Durham, NC (DNC)
Through the cooperation of the North Carolina DOT and the city, Amtrak relocated to a new facility in the rehabilitated Walker Warehouse, built by the American Tobacco Company in 1897.
601 West Main Street
Durham, NC 27701
Annual Station Ridership (2016): 73,607
- Facility Ownership: Fuller Street Redevelopment, LLC
- Parking Lot Ownership: Fuller Street Redevelopment, LLC
- Platform Ownership: North Carolina Railroad Company
- Track Ownership: North Carolina Railroad Company
For information about Amtrak fares and schedules, please call 1-800-USA-RAIL (1-800-872-7245).
On July 8, 2009, Amtrak began serving a new station in Durham located in the restored Walker Warehouse, a historic brick structure erected in 1897 by the American Tobacco Company trust. Included in the Bright Leaf National Register Historic District, the former warehouse is marked by impressive decorative brickwork such as corbeled pendants and mousetoothing at the cornice and parapet. The Walker Warehouse is part of the West Village redevelopment project, which encompasses seven former tobacco warehouses, constructed between 1884 and 1949, that are being converted into loft apartments and office, laboratory, retail and entertainment space.
The new station was a joint venture of the North Carolina Department of Transportation (NCDOT) and the city of Durham. The former entered into an agreement with developer Blue Devil Partners to lease and up-fit one third of the Walker Warehouse, while the city was responsible for 25 percent of the lease costs. The NCDOT also constructed a 600-foot long boarding platform with a 300-foot canopy and a covered walkway extending from the station building; this work was funded with $1.25 million in federal Congestion Mitigation and Air Quality Improvement Program (CMAQ) funds. Across the tracks from the Amtrak depot is “Durham Station,” a transit terminal served by city, regional and intercity bus providers.
Prior to the renovation of the Walker Warehouse, the NCDOT and Durham jointly opened an interim modular station in 1996 to provide accessible ticketing, a waiting room, baggage handling and restrooms. Staffed by a full-time Amtrak station agent, it in turn had replaced a small shelter used by passengers since 1990.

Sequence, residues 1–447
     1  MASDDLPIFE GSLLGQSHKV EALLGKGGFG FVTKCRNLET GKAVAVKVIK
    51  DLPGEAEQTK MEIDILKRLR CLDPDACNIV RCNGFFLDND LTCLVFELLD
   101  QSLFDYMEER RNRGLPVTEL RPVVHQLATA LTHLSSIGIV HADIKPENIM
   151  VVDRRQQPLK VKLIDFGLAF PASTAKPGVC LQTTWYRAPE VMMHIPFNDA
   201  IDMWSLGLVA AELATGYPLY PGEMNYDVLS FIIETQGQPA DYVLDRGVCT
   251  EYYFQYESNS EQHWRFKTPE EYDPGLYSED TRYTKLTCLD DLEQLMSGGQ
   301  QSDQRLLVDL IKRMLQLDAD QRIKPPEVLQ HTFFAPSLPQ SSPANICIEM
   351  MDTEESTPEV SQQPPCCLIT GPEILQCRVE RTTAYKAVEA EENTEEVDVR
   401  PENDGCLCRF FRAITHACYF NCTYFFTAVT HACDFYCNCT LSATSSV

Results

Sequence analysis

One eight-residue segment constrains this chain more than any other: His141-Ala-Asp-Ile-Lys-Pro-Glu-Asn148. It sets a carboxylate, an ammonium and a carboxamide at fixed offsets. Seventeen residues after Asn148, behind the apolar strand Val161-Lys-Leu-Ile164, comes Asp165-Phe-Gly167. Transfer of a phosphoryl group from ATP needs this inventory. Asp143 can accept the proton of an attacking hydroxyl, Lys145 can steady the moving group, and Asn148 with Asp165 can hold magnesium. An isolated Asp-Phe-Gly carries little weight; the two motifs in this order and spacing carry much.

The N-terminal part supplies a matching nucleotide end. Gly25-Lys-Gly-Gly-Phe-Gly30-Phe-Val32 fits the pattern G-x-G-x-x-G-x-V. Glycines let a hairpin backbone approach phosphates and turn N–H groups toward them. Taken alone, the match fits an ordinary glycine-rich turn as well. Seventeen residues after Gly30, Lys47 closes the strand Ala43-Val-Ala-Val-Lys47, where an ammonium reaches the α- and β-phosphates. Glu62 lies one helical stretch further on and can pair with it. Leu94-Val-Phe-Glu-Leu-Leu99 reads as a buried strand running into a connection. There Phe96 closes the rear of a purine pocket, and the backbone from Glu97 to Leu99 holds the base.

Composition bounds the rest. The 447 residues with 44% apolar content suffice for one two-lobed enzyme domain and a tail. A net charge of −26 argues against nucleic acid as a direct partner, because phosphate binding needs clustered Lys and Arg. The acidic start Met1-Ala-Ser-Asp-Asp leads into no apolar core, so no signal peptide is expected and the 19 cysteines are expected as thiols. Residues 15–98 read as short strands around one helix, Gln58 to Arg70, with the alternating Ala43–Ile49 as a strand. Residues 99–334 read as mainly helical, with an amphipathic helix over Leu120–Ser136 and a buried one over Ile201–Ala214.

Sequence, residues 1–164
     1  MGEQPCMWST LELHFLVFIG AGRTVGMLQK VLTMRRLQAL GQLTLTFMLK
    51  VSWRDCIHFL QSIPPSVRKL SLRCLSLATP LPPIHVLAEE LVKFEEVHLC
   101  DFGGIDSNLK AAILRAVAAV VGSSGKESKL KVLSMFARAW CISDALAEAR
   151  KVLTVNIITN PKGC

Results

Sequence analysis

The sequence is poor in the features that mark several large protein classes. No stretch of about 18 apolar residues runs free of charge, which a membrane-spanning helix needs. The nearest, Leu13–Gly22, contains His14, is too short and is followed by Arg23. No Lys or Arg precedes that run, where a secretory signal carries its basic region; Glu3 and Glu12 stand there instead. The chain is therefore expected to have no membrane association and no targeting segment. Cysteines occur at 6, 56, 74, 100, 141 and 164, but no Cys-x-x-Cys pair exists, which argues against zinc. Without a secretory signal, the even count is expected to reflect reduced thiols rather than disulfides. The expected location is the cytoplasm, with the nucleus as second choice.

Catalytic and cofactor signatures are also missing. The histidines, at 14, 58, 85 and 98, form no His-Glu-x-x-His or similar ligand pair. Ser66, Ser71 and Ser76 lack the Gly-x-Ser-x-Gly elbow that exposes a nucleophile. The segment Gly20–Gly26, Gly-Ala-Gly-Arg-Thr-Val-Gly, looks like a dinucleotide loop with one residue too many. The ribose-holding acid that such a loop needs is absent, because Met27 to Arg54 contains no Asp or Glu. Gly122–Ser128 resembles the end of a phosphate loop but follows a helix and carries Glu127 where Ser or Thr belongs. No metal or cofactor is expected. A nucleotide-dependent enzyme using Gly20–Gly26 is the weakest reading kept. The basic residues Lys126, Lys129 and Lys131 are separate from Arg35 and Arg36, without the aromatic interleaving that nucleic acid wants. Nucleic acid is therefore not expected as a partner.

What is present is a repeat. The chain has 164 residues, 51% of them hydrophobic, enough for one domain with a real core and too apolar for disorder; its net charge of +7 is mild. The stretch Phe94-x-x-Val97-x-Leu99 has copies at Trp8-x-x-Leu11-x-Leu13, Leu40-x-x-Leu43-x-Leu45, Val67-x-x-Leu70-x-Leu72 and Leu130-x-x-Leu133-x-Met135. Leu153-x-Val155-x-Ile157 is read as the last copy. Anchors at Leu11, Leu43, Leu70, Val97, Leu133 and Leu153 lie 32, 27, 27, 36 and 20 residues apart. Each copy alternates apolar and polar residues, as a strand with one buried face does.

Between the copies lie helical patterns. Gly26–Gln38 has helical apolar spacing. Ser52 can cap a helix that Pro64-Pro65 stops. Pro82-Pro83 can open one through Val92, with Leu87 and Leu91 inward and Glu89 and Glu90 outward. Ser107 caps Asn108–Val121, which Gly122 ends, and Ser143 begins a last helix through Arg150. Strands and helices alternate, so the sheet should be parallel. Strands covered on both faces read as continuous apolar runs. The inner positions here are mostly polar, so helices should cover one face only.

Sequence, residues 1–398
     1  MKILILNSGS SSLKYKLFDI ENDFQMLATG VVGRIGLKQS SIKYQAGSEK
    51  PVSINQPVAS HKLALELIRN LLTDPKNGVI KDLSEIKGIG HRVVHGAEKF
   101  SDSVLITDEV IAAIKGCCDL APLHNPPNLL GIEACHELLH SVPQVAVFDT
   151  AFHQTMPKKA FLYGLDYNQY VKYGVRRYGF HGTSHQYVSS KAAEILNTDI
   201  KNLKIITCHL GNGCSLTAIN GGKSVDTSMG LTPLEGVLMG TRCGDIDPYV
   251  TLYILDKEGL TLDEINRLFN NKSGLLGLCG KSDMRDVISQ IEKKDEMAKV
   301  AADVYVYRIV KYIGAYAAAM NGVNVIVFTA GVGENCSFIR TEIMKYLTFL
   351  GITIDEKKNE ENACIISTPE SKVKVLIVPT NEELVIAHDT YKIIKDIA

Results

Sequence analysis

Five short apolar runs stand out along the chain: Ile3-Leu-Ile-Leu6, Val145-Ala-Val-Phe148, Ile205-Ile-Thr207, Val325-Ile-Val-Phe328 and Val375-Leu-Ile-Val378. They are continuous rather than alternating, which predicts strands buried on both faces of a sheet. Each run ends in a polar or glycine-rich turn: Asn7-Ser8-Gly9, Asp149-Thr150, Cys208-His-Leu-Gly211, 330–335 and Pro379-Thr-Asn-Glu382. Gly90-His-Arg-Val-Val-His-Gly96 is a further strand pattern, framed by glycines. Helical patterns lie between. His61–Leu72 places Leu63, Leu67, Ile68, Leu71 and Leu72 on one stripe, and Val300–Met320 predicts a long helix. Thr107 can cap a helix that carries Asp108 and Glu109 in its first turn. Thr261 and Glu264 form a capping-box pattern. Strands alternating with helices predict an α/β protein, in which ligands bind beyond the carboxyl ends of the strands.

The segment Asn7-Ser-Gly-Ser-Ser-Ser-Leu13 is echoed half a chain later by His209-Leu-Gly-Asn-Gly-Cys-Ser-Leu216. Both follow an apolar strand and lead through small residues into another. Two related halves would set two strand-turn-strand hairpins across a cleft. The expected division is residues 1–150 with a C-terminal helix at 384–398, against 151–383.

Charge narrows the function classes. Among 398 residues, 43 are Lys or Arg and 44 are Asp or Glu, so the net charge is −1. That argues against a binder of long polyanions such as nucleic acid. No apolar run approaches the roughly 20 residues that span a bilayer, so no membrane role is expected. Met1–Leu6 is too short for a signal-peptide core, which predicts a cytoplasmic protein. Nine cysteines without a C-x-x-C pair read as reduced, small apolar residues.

Durham began as a depot for the North Carolina Railroad in 1853. A country physician, Bartlett S. Durham, donated land to the railroad, and that depot was subsequently named Durham station. Prior to the arrival of the railroad, the area was primarily agricultural, with a few businesses catering to travelers along the Hillsborough Road.
The community of Durham grew slowly before the American Civil War, but expanded rapidly afterwards; the city was chartered in 1869. Much growth was due to the expanding tobacco industry. During the war, soldiers had become fond of the area’s mild Brightleaf tobacco, and its popularity spread. Numerous orders came to Green’s tobacco company; W.T. Blackwell partnered with Green and renamed the company the Bull Durham Tobacco Company. The name “Bull Durham” is supposedly taken from the bull on the British Coleman’s Mustard, which Mr. Blackwell, who was fond of it, mistakenly thought was manufactured in Durham, England. The other dominant tobacco company in the city was Washington Duke, Sons & Company. Much of the city’s architecture dates from this period of 1890 to 1930 when tobacco was central to the local and regional economies.
In 1910 Dr. James E. Shepherd founded North Carolina Central University, the nation’s first publicly-supported liberal arts college for African Americans. In 1924 James Buchanan Duke established a philanthropic foundation in honor of his father, Washington Duke, to support Trinity College in Durham. This college changed its name to Duke University and built a large campus and hospital a mile west of Trinity College (now Duke’s East Campus).
Durham’s growth rekindled in the 1970s and 1980s with the growth of the Research Triangle Park to its south, as well as the beginnings of downtown revitalization. Durham has come to style itself as the “City of Medicine,” due, among other things, to the renown of the Duke University Hospital and the biotechnology and scientific research companies located in Research Triangle Park.
Duke University hosts many unique research establishments, including the Duke Lemur Center, which is a research and study center housing over 260 prosimian primates, the largest collection of lemurs outside of Madagascar. The Duke University Phytotron conducts research on global climatic changes. Durham is also home to the Rhine Center, the foremost institute studying experimental parapsychology and ESP. The 1983 science fiction movie about memory transferal, Brainstorm, was set at the Research Triangle Park, and was actress Natalie Wood’s last film.
The state-owned Piedmont and the state-subsidized Carolinian are primarily financed through funds from the North Carolina Department of Transportation.
Amtrak provides ticketing and baggage services at this station, which is served by six daily trains.
- 37 Short Term Parking Spaces
- 37 Long Term Parking Spaces
- Accessible Payphones
- Accessible Platform
- Accessible Restrooms
- Accessible Ticket Office
- Accessible Waiting Room
- Accessible Water Fountain
- Baggage Storage
- Bike Boxes
- Checked Baggage
- Dedicated Parking
- Enclosed Waiting Area
- Help With Luggage
- Pay Phones
- Quik Trak Kiosk
- Shipping Boxes
- Ticket Office
- Wheelchair Lift